Author Topic: Giordanos - Cracking The Code  (Read 7918 times)

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Offline pythonic

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Re: Giordanos - Cracking The Code
« Reply #100 on: February 15, 2014, 08:46:51 PM »
Today's dough formula:

Flour (100%): 498.74 g  |  17.59 oz | 1.1 lbs   (305g KA Bread + 193g KAAP)
Water (43%): 214.46 g  |  7.56 oz | 0.47 lbs 
ADY (1%): 4.99 g | 0.18 oz | 0.01 lbs | 1.32 tsp | 0.44 tbsp 
Salt (1.5%): 7.48 g | 0.26 oz | 0.02 lbs | 2.2 tsp | 0.73 tbsp
Corn Oil (4%): 19.95 g | 0.7 oz | 0.04 lbs | 4.43 tsp | 1.48 tbsp
Butter/Margarine (3%): 14.96 g | 0.53 oz | 0.03 lbs | 3.16 tsp | 1.05 tbsp 
Shortening (4%): 19.95 g | 0.7 oz | 0.04 lbs | 4.99 tsp | 1.66 tbsp 
Sugar (2.5%): 12.47 g | 0.44 oz | 0.03 lbs | 3.13 tsp | 1.04 tbsp 
Total (159%): 793 g | 27.97 oz | 1.75 lbs |

As you can see, I think the food processor does great job of cutting the fats into the dough, similar to making pie dough. Added water and then after 30 sec of pulsing, you can see the dough starting to come together. I then only went another 15 seconds or so and then balled the dough by hand and put in oiled bowl. The dough seems very easy to work with. Sitting on the counter for a room temp rise.

Going with 6in1 ground, whole milk mozz and a few slices of boar's head provolone. pepperoni, onions, green peppers

Results to come tonight.

Waiting to see these results.
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Offline Teddy Ballgame

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Re: Giordanos - Cracking The Code
« Reply #101 on: February 16, 2014, 08:36:37 AM »
OK. The dough was wonderful to work with. Interesting note, the 2nd pie was better than the first and was made using scraps. I was able to get the 2nd pie rolled out thinner.
First pie uncooked:



Offline Teddy Ballgame

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Re: Giordanos - Cracking The Code
« Reply #102 on: February 16, 2014, 08:41:12 AM »
First pie baked (too thick of a crust) but flavor and crumb were pretty spot on. I used butter/shortening combo for the pans.

Offline Teddy Ballgame

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Re: Giordanos - Cracking The Code
« Reply #103 on: February 16, 2014, 08:47:49 AM »
Best of the night by far. Made from scraps and I got it thinner and used more cheese. The dough was soft and flaky but not too tender; I really think this is the one.

Offline Chicago Bob

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Re: Giordanos - Cracking The Code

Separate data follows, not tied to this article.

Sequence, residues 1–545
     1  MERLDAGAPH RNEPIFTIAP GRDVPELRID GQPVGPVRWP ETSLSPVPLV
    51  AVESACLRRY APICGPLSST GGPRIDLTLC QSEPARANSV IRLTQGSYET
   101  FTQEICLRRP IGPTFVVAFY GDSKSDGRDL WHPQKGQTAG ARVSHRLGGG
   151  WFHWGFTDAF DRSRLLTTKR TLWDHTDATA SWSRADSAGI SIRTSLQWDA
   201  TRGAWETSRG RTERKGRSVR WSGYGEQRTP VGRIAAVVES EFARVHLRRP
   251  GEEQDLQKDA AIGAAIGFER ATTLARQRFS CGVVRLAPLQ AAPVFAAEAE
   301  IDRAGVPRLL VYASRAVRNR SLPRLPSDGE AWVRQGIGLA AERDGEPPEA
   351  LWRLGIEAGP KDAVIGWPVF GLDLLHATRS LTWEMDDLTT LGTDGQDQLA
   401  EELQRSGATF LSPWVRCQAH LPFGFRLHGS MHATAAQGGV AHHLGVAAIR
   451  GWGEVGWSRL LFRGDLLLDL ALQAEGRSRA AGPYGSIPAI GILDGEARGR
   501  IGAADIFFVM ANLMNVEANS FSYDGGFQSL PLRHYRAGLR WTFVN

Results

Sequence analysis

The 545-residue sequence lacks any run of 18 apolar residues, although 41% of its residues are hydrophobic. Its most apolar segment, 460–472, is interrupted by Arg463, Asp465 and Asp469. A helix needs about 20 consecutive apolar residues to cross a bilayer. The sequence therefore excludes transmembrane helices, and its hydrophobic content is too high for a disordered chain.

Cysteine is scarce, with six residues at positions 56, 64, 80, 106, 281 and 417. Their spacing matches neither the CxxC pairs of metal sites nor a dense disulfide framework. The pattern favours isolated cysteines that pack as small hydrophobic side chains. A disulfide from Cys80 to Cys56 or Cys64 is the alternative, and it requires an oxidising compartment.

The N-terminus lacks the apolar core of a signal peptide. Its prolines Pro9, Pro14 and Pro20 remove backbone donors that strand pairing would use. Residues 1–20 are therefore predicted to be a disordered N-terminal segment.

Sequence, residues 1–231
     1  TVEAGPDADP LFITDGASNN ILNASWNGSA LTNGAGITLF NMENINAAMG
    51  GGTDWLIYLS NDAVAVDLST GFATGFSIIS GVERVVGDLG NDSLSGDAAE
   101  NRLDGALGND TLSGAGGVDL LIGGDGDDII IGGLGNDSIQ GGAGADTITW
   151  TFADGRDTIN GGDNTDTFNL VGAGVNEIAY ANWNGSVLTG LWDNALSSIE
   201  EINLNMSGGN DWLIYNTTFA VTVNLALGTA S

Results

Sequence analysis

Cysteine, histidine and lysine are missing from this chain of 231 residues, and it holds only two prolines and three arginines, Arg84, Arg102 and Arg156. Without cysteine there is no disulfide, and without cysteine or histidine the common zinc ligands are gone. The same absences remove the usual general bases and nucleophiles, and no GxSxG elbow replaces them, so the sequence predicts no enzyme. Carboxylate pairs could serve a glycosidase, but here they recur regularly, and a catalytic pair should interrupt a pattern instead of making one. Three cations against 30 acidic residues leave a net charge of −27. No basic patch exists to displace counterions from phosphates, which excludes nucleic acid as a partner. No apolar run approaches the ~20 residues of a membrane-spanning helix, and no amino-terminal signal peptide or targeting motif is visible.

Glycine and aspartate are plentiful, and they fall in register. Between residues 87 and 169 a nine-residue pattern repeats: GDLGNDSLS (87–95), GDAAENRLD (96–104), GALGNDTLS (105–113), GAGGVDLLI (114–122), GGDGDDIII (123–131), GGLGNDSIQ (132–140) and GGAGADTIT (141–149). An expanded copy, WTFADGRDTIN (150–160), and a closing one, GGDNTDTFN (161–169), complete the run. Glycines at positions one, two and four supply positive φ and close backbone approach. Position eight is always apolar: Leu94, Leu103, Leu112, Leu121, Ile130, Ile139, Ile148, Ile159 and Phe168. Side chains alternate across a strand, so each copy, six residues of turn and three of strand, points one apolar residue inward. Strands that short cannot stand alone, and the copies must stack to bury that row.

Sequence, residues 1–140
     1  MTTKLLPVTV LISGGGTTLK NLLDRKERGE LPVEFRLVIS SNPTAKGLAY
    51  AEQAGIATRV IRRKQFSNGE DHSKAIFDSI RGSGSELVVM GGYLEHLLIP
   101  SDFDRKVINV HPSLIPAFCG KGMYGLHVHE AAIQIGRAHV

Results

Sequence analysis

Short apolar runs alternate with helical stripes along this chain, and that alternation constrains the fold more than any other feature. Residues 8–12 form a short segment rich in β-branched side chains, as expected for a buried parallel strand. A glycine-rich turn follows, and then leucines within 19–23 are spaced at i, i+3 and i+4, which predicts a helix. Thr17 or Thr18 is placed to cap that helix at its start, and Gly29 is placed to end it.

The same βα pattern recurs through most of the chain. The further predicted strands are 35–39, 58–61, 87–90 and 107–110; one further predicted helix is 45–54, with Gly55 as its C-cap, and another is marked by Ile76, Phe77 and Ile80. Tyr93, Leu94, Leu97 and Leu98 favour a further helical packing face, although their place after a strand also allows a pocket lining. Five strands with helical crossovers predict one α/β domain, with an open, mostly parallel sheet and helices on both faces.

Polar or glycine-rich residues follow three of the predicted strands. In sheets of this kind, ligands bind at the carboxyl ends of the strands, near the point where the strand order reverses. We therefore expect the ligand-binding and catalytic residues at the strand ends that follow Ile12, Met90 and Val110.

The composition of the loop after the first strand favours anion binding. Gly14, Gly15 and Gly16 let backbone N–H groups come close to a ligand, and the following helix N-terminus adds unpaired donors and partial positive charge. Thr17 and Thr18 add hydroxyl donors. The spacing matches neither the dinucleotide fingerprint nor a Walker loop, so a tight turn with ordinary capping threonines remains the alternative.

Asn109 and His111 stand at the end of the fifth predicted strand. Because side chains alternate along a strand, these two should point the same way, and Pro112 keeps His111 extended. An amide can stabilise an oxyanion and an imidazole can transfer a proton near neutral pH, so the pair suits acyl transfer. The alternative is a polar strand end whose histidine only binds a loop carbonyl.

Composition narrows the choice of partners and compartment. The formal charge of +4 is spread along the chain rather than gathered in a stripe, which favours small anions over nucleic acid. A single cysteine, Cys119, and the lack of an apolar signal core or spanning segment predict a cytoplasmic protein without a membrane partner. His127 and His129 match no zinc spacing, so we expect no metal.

« Reply #104 on: February 16, 2014, 02:12:22 PM »
Really nice Teddy, those look mighty tasty!  :chef:

Bob
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Offline pythonic

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Re: Giordanos - Cracking The Code
« Reply #105 on: February 16, 2014, 03:26:24 PM »
Teddy,

Nice pies.  What thickness did you roll or stretch the dough to?  What bake temp and times did you use?  Were you able to get any layers in your dough?

Nate
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Offline Teddy Ballgame

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Re: Giordanos - Cracking The Code
« Reply #106 on: February 18, 2014, 08:27:58 AM »
Rolled out by eye and then hand stretched. I baked at 460 for: 25 minutes for first 9" pie. 20 minutes for the 2nd pie of 8"; it could have stayed in a few minutes longer.

Offline pythonic

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Re: Giordanos - Cracking The Code
« Reply #107 on: February 20, 2014, 11:02:22 AM »
Since Giordanos once used Ceresota AP flour to make their pies I wanted to get it a shot.   I was unsuccessful in my last AP attempt so I decided to change the formulation completely and start fresh.  I want to explore shortening more as it could be in G's pies due to all the layering.    I'm very happy with the look and feel of this dough.  I decided not to make the top crust today to cut down on the calories.  I will do a 5hr oven rise and report back. 

Formulation for 9 inch, 2 inch deep pan:

Ceresota flour - 100% - 350g
Water - 51.7% - 181g
Shortening - 5% - 17g
Soybean oil - 5% - 17g
Salt - 2% - 7g
Sugar - 2.5% - 9g
IDY - 3/4 tsp

Procedure:

Cut in shortening then the oil into dry ingredients.  Mix in the IDY.  Added water and kneaded for about 2 minutes.
« Last Edit: February 20, 2014, 11:05:05 AM by pythonic »
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Offline pythonic

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Re: Giordanos - Cracking The Code
« Reply #108 on: February 20, 2014, 03:48:42 PM »
I end up having enough dough scraps left over to make a stuffed pizza.   Preheated stone to 400F and baked at 450 for 27 mins.  I had high hope for this pizza but it came out dense, too crispy, chewy and zero layers.  I knew it was off just by the outside texture of the crust.  Back to the drawing board and I'll have to run a few miles to keep this pizza from going to my butt. 

Nate
If you can dodge a wrench you can dodge a ball.


Offline Chicago Bob

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Re: Giordanos - Cracking The Code
« Reply #109 on: February 20, 2014, 05:48:10 PM »
Looks maaarvelous though.   8)

Bob
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Offline pythonic

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Re: Giordanos - Cracking The Code
« Reply #110 on: February 20, 2014, 06:10:45 PM »
Looks maaarvelous though.   8)

Bob

The crust was awful.  Too much water and not enough fat.
If you can dodge a wrench you can dodge a ball.

Offline PizzaGarage

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Re: Giordanos - Cracking The Code
« Reply #111 on: February 24, 2014, 10:29:42 AM »
Any ideas what the black specks are in the sauce that they use?  Was thinking pepper but not sure - any clue's?